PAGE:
Life, amongst other things, is full of grandeur and spectacle. It is only inevitable then, that human beings will be in pursuit of this, driven by the desire to have the quintessential lifestyle. But it is this desire to live in the ideal that hinders them from truly being happy.
For while happiness is possible, perfection is not. So in turn, the pursuit of happiness through perfection is a plan destined for failure. The last two pages in The Great Gatsby are exemplary of this idea. The unknown character at the end of the book who “had been away at the ends of the earth and didn’t know that the party was over” is representative of human beings immersed in a lifestyle that was only grandeur and spectacle, and nothing else. There was never any real significance or importance to the big house, the parties, cars etc.
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These were only used to satisfy a need for splendor, to prove that human beings were only a few steps away from the ideal. Which is of course, a flawed plan, as the ending of the book shows. The whole purpose of the parties was to lure Daisy into going to Gatsby’s house so she could fall in love with her or he could “have her.
” But she never does fall in love with Gatsby and he never “has her”. Daisy was just another goal to accomplish for Gatsby, just another extravagance to immerse himself in. The house then, like the pursuit of the ideal is flawed from the very start. The house failed in acquiring Daisy, just like the pursuit of an ideal failed to elicit happiness. These failures both epitomize Fitzgerald’s sentence, “the last and greatest of all human dreams.
” The pursuit of quintessence failed, it was the last and greatest of all human dreams after Gatsby died because Gatsby himself epitomized what it meant to pursue the ideal. He transformed himself from James Gatz to Jay Gatsby, and he did it buy using human desire to encounter wonder and splendor. People were intrigued by Gatsby, by his mysterious demeanor. There were a lot of questions surrounding Gatsby, about where he really came from and where he got his money, but he made it work.
He represented success to the people who attended his parties, because it was Gatsby who played host to the carousing and revelry that were so pervasive during that period of time. And if you were a member of that rambunctious crowd, of the people trying to achieve the “last and greatest of all human dreams”, then you were at Gatsby’s parties. But the search for euphoria, for absolute happiness through financial and material gain once again proved how flawed it could be. Gatsby never really took part in his own parties, rather he sat back and watched, hoping that one night Daisy would show up and then he’d finally be able to make her love him, or he’d finally be able to claim her as his. But when she did arrive, there was timidity on his part to “acquire” her.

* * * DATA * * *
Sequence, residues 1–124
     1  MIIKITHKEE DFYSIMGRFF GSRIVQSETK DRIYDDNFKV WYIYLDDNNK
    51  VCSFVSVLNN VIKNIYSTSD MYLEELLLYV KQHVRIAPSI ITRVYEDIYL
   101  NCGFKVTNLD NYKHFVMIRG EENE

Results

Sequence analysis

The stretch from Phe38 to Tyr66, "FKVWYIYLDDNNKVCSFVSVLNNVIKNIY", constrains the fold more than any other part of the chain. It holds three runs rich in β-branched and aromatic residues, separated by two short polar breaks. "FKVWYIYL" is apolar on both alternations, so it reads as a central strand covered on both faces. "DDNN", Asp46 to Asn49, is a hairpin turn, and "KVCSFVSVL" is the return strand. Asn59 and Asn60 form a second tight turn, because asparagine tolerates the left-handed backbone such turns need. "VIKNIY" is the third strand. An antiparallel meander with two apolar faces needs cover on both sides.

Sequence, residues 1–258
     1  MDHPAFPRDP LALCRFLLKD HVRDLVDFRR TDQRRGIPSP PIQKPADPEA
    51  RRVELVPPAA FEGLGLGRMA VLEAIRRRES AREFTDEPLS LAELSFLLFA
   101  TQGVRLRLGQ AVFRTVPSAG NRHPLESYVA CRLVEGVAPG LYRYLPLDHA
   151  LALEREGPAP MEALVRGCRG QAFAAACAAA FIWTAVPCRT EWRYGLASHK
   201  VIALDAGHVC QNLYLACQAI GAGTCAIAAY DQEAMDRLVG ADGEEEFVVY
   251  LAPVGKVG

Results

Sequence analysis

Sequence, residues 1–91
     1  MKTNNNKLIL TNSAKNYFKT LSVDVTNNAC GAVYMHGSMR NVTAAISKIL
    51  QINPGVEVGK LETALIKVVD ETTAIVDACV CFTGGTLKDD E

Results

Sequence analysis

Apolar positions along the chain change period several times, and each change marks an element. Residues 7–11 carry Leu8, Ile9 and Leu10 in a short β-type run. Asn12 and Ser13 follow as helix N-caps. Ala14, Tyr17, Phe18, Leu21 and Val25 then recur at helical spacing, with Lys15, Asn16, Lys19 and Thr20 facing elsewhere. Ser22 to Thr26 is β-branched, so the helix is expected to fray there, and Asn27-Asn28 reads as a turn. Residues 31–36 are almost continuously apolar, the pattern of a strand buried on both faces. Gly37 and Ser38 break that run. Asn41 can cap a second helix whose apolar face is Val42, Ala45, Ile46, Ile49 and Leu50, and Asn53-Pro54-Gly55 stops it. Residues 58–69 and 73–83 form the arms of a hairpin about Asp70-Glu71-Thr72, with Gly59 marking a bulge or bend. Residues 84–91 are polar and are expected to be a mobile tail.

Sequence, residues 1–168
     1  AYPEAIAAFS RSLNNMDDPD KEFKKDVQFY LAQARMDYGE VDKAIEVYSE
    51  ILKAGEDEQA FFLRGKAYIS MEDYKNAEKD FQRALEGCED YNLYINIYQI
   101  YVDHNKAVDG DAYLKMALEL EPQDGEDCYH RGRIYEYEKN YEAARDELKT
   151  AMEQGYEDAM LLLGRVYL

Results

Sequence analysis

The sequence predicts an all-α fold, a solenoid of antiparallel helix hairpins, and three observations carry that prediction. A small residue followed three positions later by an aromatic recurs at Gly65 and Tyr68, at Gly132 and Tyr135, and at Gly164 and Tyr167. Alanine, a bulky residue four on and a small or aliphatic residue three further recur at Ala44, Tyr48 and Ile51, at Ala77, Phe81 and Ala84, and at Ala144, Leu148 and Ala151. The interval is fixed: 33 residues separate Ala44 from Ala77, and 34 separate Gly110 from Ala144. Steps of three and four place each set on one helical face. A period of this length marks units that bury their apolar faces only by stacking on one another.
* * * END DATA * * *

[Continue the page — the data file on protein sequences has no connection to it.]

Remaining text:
Later on, when Daisy goes over to Nick’s house, Gatsby becomes nervous, he suggests perhaps that the meeting was a bad idea and that he should leave. Herein lies the flaw, he thought he loved her, but he didn’t ever think that he only coveted her because she was a fine prize, and in the end, he didn’t even “acquire” her. Daisy was just another member of that “rambunctious crowd” who was so caught up in a dream that would never be that she ruled out love when she married Tom. This is what added more flaw to the pursuit of the “last and greatest of all human dreams”. Gatsby tried to have love with someone who wasn’t made for it or interested in it. They were both looking to acquire, to gain, and in the end, they both lost. For all the obstacles standing in Gatsby’s way, he never seemed to give up on his dream of acquisition. After the war, when he went back to Louisville, retracing their steps together, knowing that she was gone, he still thought of her, of having her.
Even when he is leaving and the sun is setting, he “stretched out his hand desperately as if to snatch only a wisp of air”, still reaching for her while “he knew that he had lost that part of it, the freshest and the best, forever”, even then, after knowing that she would never be the same, he still longed to possess her. Knowing that.